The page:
Although some production weavers work in a factory, most are self-employed.
They can work from their own at-home studio or rent a studio with other artists.
"Most weavers are self-employed. A few work for other weavers who have
production studios or produce large-scale works on commission. Many of the
latter serve as apprentices," says Lois Wyndham, administrative coordinator
for a weaving organization.
Weavers create hand-woven artwork from scratch. They begin by designing
an item on paper or on the computer. After the item is designed, it can take
anywhere from a few days to a few months to weave the item. Scarves, jackets,
towels and table runners are some popular woven items.
Weavers use a loom to interlace two sets of threads. They first hand-string
the loom with the warp (yarns or threads). The loom is threaded in the pattern
for the woven piece. Then other threads (called the weft) are wound on a bobbin
that fits in a shuttle. A foot treadle raises the warp threads so the shuttle
can pass through (called throwing the shuttle).
"I use a calculator, pens, pencils, warping boards...a bobbin winder and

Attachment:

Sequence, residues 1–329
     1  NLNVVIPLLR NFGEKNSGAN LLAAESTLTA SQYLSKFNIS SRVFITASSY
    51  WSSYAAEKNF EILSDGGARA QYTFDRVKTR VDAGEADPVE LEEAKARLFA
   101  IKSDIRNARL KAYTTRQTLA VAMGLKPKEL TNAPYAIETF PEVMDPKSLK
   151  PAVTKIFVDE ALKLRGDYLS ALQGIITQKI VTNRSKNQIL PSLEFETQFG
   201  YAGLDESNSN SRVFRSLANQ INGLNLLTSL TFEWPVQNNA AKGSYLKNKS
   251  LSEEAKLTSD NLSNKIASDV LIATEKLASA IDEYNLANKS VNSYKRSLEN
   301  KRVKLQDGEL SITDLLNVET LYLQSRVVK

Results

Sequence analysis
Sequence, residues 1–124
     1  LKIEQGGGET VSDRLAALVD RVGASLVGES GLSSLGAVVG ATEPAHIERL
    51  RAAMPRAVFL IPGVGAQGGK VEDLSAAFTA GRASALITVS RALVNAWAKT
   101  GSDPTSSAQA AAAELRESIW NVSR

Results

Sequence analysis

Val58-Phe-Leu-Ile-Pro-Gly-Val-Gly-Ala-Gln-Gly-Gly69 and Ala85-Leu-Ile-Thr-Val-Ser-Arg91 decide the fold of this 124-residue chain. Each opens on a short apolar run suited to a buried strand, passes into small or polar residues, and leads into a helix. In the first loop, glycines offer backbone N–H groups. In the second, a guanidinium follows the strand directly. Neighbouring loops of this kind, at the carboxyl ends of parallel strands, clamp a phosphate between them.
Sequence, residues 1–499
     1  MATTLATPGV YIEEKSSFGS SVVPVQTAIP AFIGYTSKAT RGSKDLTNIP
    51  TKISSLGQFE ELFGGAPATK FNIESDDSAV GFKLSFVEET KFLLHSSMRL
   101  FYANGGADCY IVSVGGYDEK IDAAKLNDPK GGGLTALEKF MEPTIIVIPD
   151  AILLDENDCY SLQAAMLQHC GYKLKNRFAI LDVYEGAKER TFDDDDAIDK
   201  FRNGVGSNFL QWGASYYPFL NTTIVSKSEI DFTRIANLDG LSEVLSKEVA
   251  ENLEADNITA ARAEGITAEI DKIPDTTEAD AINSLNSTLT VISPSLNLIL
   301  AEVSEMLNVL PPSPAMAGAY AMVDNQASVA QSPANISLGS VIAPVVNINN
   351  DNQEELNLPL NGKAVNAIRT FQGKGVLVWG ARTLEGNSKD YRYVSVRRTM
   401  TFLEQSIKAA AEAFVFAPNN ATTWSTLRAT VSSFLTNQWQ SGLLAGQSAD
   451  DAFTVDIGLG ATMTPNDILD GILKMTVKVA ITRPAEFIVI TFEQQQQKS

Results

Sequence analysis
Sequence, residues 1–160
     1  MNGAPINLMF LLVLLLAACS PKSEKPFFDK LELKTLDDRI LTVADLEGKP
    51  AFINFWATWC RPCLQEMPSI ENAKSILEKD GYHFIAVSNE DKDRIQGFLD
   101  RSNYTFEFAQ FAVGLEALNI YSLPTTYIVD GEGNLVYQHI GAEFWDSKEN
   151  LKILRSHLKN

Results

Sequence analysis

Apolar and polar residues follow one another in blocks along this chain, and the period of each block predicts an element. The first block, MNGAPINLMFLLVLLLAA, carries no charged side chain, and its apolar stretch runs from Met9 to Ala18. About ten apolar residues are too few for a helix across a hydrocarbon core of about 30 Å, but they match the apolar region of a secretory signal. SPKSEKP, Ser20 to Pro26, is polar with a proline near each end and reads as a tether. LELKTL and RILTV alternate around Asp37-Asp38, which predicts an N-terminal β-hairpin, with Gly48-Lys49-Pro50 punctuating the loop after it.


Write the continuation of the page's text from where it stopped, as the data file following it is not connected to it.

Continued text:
shuttles. Last but not least, the vacuum cleaner. A weaver produces a lot
of lint," jokes hand weaver June Person.
Self-employed weavers must have savvy marketing skills. They sell their
work to craft stores, through the Internet, at shows and in catalogs. Developing
a niche in this industry makes your work more marketable -- and brings you
"Finding your niche is the key. The things I sell, nobody else sells,"
says Steven Medwin, a hand weaver.
Self-employed weavers can look forward to working their own hours. Since
they usually have a flexible schedule, dedication and organization are crucial.
Sometimes an entrepreneurial weaver may need to work long hours or weekends
to complete a project. Many choose to weave part time while they hold down
"I spend three days a week as a mechanical engineer and three days a week
weaving," says Medwin.
Weaving can be peaceful and meditative -- but it can also be a pain in
the back! Weavers spend long hours sitting in front of a loom. Back pain and
injury is common in this profession. "Some experience back pain. It's necessary
to have good posture and to take breaks and stretch," says Person.